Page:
QUEST (voice over): The hotel's owners even tracked down a plane that had flown for TWA. That was before being bought by drug smugglers.

MORSE: Welcome to Kearney.

QUEST: It's bigger than a -- I mean, it's quite a generous space.

MORSE: Quite good size, right? I mean, this is first class all the way.

QUEST: And in the old -- and of course, there would be the old bed as well, the bunk beds and all those sort of things for the really long stuff.

MORSE: Yes. Well, this is -- you had the chateaubriand in these seats, and the finest champagne.

QUEST (voice over): And yet they dwindled away. This classic salami slicing, sell off these routes, then sell off these routes, and refinance

this and do this, but you felt there was an inevitability of the demise?

MORSE: Yes. I mean, TWA was the airline of the Pope. Both Paul VI and John Paul II exclusively flew TWA. The Beatles flew TWA, but they could not

translate into the modern age.

QUEST: Could TWA have survived?

MORSE: No, TWA would never have survived. After 1978, and airline deregulation, you could compete on price. But for 50 years prior to that,

people had been competing on service. The way you compete on service is the quality of the food, the quality of the champagne, the quality of the


And now all of a sudden, you had to compete on price. They couldn't make that cultural mind shift, so everybody went out of business.

QUEST: And they didn't --

MORSE: Delta, American, United, TWA, Pan Am, everybody went out of business.

QUEST: TWA hasn't flown for years, and for those longing for the days of elegance in the air and friendly service, don't despair. Here, the memories

live on.


QUEST: Now to the heart, it's next to Terminal 5, the Jet Blue terminal here at Kennedy. For Kennedy itself, Kennedy is one of those airports

people love to hate and I don't know why, because it's one of my favorites in the world, and at the moment, huge amounts of money are being spent here

to expand and improve the terminals, or take the infrastructure.

So terminal -- in fact, Terminal One, for example, which is up not that old, has got nine and a half billion dollars' worth of investment. That's

sort of internationals, the Lufthansa's, the Air France's, the Air Swiss'.

You've then got Terminal Four already broken ground, which will consolidate Delta's operations. That's a one and a half billion dollar project.

Terminal Six is even more, which is adding new spots for wide-bodied planes, and then Terminal Eight, which is the American Airlines terminal,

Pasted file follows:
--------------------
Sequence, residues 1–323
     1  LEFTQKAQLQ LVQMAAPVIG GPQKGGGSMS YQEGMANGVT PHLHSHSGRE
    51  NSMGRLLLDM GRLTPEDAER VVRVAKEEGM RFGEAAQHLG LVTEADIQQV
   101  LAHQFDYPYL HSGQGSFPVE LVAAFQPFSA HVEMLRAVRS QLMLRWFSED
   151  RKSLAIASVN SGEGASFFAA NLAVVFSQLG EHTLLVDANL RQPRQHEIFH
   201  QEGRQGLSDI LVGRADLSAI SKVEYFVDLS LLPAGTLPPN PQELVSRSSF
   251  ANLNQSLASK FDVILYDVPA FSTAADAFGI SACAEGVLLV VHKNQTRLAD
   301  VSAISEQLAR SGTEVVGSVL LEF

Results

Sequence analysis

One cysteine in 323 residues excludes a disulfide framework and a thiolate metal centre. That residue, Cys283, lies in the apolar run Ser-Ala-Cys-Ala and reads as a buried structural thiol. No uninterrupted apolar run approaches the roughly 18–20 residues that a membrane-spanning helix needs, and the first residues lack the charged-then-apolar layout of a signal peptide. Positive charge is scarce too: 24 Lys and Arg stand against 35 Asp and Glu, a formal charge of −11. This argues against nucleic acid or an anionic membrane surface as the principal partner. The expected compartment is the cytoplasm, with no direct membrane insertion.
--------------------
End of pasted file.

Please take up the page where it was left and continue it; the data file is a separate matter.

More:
it has got about half a billion going into it, and British Airways will be moving into that.

With me now. Tom Lowry, editor-in-chief of "Skift." Always good to have you, Tom.

TOM LOWRY, EDITOR-IN-CHIEF, "SKIFT": Thank you for having me, Richard.

QUEST: Now, when we look here, what do you make of the hotel?

LOWRY: It's such a revered space. I mean, it's where aviation geeks come to genuflect. There's a reason that, Skift, my company had our first in-person

event back from the pandemic here last September. It was a wonderful event and the folks here were great hosts.

QUEST: So we look at travel at the moment and how we are now in the summer season. It has been a really bad season so far. Lots of people traveling,

but the misery index has been very high. Was that inevitable?


LOWRY: I think so based on the fact that, you know, the airline industry, the airport industry is suffering from a labor shortage, and just the sort

of pent up demand for leisure travel just collided with each other.

I think the challenge now, is how do the airlines sort of market themselves to win back the damage from their reputations for this summer or from, you

know, from the chaos standpoint?

QUEST: But what is fascinating is, and your research and "Skift's" excellent researchers, people want to travel, they want to travel long

distance, they want to go abroad, they want to go and see.

LOWRY: Right, absolutely. So that's a good -- that's a good sign for the travel industry. I think the airlines need to figure out just how to

control and become more reliable and control their operations in a better way and more efficiently.

QUEST: Is all of these traveling consistent with sustainability? I mean -- and we're not just talking about reusing towels, I am talking about real

sustainability. Is the industry still on the back foot?

LOWRY: So far, I think, I think so. But there's been a lot of promises that were made during the pandemic about greener travel and how they get there

and they've set some goals for themselves.

I think the issue is that travelers themselves don't know how to travel sustainably, how to travel greener. You know, other than not buying a

plastic bottle or not using housekeeping in a hotel every day. So I think, it is incumbent upon the industry, the hotels, the airlines, the

destinations to teach the traveler how to travel more sustainably.

QUEST: I was in a hotel recently in a country where they said we're not going -- for sustainable reasons, we are not going to service the room

every day.

LOWRY: Right.

QUEST: I can't see how that -- I mean, I understand they are not changing my sheets, or my towels but they're just dusting down and running the vac

around. I mean --

LOWRY: Right. Some -- you know, there could be some backlash to that because some guests would require that and might find that necessary as


QUEST: All right, what's your favorite airport?

LOWRY: What's my favorite airport?

QUEST: Favorite airport. Give me something.

LOWRY: I fell in love with Changi. When "Skift" had an event in Singapore, so, I'm a sucker for fountains.

QUEST: I have to say that, yes --

LOWRY: I shouldn't say that standing in JFK.

QUEST: Well, no, I think you're allowed to do that. Because I think the battle between Hong Kong with HKIA and Changi. Would you say overall, the

industry is in good health?

LOWRY: I think so. I mean, you know our event, our annual event is coming up in a few weeks here in New York, and, you know, we're reimagining this -